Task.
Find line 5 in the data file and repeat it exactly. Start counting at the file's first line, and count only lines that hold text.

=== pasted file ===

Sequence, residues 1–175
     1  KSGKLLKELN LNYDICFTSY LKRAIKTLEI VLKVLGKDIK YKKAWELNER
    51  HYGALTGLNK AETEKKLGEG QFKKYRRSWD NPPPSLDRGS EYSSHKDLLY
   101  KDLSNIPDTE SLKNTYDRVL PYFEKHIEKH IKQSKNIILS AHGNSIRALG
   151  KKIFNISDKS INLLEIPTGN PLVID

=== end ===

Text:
   151  KKIFNISDKS INLLEIPTGN PLVID